One of our most recent data games is Open Trumps, a version of the popular card game Top Trumps with decks that are procedurally generated based on open data. The game is played among multiple players through drawing cards and selecting the feature that is most likely to trump the same feature on the other players’ cards. The decks are generated from data sets from the UN and the World Bank describing different nations.
At the Foundations of Digital Games conference 2014 we presented an article based on the deck generator by Andrew Borg Cardona and player evaluation by Aske Walther Hansen.
Players can generate their own decks through choosing a suitable dataset and setting certain attributes; the generator then generates a balanced and playable deck using evolutionary computation. In the example dataset, each card represents a country and the features represent such entities as GDP per capita, mortality rate or tomato production, but in principle any dataset organised as instances with numerical features could be used.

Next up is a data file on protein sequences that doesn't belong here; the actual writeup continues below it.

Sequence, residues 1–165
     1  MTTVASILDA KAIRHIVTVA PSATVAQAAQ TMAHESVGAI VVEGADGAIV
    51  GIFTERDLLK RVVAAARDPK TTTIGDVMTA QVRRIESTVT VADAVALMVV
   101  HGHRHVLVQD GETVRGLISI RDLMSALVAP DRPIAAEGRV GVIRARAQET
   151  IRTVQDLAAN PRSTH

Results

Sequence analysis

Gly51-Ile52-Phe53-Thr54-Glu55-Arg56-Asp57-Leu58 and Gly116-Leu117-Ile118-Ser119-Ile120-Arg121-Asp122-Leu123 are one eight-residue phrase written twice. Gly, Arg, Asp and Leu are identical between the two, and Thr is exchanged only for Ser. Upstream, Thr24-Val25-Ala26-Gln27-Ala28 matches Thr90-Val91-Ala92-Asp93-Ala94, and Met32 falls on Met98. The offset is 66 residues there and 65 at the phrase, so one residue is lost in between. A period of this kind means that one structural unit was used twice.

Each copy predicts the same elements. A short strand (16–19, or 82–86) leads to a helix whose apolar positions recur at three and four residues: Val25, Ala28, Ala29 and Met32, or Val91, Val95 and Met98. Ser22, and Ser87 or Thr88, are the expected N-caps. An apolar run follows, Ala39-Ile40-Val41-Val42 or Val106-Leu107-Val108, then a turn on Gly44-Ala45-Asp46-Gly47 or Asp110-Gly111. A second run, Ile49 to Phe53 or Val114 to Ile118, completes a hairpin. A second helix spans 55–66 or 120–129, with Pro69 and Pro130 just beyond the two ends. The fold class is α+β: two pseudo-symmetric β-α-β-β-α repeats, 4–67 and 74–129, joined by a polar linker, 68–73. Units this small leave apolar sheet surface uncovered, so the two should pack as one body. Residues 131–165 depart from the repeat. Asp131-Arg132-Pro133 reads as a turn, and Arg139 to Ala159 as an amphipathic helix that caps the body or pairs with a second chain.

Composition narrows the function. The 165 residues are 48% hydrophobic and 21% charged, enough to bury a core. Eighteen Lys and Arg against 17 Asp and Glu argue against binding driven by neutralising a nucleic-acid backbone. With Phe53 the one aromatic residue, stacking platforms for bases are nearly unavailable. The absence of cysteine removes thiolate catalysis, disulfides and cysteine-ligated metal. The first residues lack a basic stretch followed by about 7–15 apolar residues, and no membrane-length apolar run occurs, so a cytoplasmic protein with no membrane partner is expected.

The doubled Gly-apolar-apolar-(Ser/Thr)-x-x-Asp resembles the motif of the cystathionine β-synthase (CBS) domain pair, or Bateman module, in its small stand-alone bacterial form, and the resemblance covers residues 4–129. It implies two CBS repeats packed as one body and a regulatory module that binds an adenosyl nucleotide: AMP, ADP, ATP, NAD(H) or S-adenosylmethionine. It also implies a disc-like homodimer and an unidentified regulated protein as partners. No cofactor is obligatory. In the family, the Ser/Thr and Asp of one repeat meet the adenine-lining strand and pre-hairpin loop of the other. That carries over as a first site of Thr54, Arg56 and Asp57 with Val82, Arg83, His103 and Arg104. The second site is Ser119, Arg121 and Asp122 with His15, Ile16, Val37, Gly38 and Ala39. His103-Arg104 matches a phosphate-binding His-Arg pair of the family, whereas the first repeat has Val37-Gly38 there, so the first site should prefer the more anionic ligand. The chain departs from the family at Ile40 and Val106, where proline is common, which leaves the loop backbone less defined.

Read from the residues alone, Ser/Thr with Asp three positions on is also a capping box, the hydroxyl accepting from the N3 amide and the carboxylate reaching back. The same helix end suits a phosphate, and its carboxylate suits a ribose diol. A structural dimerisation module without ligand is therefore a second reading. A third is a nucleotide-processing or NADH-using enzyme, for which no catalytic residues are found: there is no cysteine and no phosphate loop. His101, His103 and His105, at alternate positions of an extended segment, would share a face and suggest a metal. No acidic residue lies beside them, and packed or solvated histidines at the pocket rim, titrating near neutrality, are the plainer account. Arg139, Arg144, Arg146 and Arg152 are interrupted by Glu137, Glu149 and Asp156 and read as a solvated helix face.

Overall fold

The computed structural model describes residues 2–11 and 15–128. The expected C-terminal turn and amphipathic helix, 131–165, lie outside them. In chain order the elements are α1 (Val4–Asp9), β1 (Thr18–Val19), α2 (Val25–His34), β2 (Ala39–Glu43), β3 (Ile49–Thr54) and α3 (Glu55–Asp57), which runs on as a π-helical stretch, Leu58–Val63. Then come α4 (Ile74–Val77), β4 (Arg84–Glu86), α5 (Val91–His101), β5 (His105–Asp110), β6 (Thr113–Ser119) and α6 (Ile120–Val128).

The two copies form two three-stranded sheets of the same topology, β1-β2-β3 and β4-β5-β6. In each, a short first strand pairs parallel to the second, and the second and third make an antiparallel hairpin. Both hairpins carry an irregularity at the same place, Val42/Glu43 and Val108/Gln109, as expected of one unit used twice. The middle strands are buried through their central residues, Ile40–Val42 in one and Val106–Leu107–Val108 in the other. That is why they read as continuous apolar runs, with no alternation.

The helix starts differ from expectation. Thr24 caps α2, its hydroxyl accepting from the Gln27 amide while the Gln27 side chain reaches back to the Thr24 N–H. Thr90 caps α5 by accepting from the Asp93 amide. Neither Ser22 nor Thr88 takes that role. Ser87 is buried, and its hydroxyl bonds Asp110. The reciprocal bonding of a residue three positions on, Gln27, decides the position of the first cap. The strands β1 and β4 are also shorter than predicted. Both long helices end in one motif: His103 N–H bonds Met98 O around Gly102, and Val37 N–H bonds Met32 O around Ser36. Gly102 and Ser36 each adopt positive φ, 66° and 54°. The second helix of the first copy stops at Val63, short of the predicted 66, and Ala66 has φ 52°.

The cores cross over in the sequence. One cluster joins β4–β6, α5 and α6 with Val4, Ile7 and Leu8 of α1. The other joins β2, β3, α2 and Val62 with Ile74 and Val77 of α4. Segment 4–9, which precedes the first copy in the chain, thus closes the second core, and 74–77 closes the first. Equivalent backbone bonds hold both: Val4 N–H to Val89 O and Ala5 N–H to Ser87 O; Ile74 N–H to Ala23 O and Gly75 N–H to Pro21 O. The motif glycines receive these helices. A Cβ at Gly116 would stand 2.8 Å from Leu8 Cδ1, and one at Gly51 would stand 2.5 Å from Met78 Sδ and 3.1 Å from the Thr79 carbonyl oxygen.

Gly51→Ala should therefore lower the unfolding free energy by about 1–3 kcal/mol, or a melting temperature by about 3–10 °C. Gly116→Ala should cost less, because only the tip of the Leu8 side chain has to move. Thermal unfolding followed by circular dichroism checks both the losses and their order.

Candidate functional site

We also report the results of an evaluation intended to investigate both player experience and the hypothesis that players learn about the data underlying the deck they play with, since understanding the data is key to playing well. The results show that players enjoy playing the game, are enthusiastic about its potential and answer questions related to decks they have played significantly better than questions related to decks they have not played.
You can find the article here.